Connell was a regional coordinator for FIJA or the Fully Informed Jury Association for several years in the 1990s. Additionally he has provided testimony at State Legislative hearings as well as enaging the public regularly regarding “jury nullification topics. Lately he’s taken to sporting some signs along route 4 touting NHJury.com. (thanks John!) . Both of these organizations, FIJA.ORG and NHJury.com focus on raising awareness of jurors and the public in general.
No matter what the brand is, John reasoned that the primary goal, to inform people of the proper role of a juror is so important that he’s spent countless hours and lots of his own money over the years trying to achieve this. We whole heartedly commend all of those efforts.
Recently Pastor John authored a town warrant article:
To see if the Town shall notify the voters of Grafton of their natural and historic right and responsibility as jurors, sitting on juries in all cases including grand juries, to judge the law as well as the facts before them, a right recognized by the State of New Hampshire with the passage of HB146 (Laws of 2012, c.243) and codified as RSA 519:23-a, which states that “in all criminal proceedings the court shall permit the defense to inform the jury of its right to judge the facts and the application of the law in relation to the facts in controversy.” The information shall be sent by the Town to all voters individually via first-class mail, and shall be prepared entirely by volunteers, information which may include pamphlets prepared by the Fully Informed Jury Association, a federally-recognized 501(c)(3) organization. All costs shall be paid using voluntarily raised funds.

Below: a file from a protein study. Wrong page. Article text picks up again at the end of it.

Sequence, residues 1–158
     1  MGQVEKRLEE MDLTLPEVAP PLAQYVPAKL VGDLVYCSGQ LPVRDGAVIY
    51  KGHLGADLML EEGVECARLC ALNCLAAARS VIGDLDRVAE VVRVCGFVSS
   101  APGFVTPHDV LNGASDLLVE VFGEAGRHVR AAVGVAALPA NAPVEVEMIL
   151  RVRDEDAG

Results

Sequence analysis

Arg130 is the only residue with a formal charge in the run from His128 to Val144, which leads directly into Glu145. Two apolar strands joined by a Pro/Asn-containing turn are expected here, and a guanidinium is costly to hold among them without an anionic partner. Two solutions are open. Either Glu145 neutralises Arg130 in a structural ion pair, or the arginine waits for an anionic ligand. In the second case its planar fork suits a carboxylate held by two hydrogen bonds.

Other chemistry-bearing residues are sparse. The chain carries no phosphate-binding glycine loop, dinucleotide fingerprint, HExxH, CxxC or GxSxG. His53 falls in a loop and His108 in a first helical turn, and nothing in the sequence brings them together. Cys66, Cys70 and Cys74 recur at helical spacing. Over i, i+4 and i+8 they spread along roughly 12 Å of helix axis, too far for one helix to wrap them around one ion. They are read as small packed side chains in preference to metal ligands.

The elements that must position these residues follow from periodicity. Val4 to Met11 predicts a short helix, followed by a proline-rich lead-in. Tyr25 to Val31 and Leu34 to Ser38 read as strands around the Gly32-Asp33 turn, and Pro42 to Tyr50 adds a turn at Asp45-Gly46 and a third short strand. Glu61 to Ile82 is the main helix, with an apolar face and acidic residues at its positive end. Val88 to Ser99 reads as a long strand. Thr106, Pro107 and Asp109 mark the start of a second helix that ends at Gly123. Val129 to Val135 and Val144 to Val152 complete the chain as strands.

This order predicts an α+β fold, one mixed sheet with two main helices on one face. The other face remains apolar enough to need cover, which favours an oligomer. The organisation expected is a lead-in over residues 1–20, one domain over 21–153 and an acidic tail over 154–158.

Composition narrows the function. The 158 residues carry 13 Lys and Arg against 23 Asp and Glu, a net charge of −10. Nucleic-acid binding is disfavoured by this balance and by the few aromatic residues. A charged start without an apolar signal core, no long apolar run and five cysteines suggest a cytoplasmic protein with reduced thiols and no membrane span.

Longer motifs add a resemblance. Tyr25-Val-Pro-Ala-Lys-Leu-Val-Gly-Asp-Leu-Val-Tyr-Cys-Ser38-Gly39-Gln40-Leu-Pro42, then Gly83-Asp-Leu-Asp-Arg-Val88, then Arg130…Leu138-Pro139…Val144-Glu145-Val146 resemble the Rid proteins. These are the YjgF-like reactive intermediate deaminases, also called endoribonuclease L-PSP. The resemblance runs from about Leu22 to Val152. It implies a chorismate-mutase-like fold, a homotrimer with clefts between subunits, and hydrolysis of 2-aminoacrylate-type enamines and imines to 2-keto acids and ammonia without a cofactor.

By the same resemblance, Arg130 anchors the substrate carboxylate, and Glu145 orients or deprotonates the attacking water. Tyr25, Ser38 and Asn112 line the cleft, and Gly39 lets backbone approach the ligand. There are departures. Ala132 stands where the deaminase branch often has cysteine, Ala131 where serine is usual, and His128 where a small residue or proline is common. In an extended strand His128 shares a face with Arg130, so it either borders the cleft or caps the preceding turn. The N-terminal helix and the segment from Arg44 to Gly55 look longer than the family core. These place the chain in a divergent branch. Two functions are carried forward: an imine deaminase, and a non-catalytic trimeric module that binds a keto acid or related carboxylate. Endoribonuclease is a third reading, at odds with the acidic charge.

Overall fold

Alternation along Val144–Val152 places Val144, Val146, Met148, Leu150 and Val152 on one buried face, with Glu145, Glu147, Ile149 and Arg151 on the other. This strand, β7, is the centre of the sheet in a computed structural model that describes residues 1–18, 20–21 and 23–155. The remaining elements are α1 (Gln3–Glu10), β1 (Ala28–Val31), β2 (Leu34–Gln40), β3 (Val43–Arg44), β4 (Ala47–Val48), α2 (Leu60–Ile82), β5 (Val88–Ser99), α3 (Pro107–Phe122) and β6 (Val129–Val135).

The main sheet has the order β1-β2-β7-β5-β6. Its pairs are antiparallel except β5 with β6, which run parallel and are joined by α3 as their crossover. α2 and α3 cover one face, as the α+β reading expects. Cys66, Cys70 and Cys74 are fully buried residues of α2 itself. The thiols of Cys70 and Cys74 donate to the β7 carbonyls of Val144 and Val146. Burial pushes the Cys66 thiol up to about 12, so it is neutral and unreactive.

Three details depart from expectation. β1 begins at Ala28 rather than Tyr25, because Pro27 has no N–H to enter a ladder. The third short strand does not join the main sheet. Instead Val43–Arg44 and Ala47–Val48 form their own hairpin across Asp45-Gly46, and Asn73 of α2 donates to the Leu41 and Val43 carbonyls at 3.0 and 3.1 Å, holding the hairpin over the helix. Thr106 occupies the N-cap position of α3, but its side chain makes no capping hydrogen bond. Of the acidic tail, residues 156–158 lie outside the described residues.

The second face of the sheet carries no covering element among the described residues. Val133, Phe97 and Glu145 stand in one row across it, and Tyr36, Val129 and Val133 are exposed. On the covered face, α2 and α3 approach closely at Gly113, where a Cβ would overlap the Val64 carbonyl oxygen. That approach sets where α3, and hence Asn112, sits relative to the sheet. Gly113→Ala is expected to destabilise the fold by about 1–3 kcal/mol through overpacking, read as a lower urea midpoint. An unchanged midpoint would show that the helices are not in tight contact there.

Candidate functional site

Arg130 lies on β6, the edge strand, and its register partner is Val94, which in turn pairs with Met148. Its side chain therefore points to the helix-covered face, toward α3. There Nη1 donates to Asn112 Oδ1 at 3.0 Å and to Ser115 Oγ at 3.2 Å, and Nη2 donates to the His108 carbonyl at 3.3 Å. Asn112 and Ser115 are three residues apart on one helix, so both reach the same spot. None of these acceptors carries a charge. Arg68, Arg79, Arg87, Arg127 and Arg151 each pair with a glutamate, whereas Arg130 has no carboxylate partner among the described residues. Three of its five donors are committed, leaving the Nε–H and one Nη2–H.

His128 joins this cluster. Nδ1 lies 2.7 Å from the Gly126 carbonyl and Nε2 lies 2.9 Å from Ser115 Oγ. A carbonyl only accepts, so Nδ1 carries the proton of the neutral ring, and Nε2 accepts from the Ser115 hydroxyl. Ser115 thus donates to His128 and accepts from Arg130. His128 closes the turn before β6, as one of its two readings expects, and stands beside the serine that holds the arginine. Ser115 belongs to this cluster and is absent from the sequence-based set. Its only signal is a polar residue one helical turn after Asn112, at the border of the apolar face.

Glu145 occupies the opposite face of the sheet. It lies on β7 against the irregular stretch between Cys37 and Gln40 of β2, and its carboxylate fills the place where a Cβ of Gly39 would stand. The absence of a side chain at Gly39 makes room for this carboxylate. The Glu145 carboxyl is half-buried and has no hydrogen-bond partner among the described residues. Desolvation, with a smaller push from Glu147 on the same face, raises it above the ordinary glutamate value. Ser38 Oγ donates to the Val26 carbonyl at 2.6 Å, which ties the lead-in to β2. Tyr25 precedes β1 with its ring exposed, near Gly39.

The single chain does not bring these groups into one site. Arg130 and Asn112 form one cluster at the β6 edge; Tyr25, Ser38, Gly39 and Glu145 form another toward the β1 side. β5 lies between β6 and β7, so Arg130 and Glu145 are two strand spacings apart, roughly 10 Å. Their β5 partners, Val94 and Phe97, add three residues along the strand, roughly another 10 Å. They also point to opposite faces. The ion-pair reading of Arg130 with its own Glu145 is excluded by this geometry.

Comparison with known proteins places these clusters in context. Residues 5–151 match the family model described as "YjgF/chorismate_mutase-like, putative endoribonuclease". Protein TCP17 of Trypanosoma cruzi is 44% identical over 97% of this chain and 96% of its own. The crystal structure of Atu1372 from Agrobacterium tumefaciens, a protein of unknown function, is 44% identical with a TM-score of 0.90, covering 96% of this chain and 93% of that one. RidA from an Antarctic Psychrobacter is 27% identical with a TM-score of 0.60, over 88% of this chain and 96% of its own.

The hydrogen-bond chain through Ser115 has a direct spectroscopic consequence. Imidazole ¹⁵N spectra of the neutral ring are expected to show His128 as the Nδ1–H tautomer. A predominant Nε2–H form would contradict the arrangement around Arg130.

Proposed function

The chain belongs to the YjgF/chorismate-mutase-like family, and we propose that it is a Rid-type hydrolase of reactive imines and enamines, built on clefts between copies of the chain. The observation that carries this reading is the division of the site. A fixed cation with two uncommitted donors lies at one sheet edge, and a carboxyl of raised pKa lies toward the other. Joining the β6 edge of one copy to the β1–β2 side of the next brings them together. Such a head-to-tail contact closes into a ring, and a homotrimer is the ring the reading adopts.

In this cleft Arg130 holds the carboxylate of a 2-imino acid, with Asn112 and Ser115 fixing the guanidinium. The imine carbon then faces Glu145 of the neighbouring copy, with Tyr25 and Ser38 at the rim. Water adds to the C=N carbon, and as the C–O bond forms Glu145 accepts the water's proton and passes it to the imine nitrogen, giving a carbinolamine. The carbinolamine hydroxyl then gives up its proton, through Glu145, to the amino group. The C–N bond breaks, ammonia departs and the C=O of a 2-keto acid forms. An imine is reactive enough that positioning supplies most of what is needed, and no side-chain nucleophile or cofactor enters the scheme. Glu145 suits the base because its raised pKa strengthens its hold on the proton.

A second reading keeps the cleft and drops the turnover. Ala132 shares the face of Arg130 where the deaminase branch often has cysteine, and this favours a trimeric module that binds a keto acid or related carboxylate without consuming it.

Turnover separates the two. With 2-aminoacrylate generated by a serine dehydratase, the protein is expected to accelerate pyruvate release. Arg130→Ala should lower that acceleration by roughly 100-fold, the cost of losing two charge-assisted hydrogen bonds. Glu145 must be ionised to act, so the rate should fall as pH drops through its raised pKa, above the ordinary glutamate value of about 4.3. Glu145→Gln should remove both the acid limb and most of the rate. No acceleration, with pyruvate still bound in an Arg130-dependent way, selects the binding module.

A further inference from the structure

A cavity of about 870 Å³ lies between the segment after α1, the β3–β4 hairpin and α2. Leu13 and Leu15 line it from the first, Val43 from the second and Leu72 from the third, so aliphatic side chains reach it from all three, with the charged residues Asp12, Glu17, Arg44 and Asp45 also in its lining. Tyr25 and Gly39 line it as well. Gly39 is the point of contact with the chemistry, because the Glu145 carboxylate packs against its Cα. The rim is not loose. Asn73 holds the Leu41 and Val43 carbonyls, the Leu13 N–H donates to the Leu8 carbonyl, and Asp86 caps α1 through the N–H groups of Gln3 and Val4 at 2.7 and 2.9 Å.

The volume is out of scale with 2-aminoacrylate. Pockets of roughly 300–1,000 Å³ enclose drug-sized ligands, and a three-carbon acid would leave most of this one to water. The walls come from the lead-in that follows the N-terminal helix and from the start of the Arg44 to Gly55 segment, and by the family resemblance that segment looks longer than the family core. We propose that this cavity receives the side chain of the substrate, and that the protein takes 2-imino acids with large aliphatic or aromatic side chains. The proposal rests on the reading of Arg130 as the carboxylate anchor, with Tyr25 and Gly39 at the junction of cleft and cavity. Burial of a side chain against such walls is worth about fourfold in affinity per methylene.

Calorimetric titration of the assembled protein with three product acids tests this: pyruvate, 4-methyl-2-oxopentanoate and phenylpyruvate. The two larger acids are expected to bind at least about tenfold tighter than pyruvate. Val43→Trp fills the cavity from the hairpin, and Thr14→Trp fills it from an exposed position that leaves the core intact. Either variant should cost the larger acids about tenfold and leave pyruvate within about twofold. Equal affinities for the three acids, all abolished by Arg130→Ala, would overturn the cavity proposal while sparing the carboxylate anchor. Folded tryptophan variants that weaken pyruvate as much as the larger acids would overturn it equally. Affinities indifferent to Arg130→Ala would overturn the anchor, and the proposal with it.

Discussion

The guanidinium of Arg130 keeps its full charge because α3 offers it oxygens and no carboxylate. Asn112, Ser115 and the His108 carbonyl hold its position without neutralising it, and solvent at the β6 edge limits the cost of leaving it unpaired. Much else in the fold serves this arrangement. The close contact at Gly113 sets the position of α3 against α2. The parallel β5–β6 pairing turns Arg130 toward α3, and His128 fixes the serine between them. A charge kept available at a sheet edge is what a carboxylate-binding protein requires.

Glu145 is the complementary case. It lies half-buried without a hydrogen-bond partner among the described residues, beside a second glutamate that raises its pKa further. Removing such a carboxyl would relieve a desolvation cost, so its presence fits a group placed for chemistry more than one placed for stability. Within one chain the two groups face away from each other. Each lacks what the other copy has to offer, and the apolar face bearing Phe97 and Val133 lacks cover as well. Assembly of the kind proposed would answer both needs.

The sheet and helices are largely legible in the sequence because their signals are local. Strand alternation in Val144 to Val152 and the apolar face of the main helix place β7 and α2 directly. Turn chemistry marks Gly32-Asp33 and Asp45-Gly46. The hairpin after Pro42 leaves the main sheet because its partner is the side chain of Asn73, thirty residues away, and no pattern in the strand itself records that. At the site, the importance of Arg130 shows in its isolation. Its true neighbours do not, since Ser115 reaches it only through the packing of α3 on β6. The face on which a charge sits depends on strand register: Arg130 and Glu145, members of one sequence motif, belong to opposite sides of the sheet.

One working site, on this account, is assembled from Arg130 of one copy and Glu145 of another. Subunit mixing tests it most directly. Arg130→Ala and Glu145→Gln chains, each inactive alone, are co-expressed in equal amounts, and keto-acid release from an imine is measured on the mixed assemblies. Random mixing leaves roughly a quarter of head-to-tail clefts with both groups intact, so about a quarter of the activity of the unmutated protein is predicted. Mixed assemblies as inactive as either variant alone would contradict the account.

John figured that since runaway government had kept jurors knowledge of their rights in the shadows, he’d use the town warrant article process to heal the damage done. Connell thinks this idea may catch on and other peaceful individuals may want to try this in their town. He mentioned he’d be happy to show people how easily they could do this too, just contact him at John@Peacefulassemblychurch.org. or (603) 523-7111.
The warrant article got a lot of votes, but in the end it didn’t pass. Undaunted Connell intends to see this project thru. He’ll use his personal funds along with a few donations from friends and supporters.
Please join NHJury.com in giving John a big thumbs up and consider giving a small donation to help fund this project. You might save an innocent person.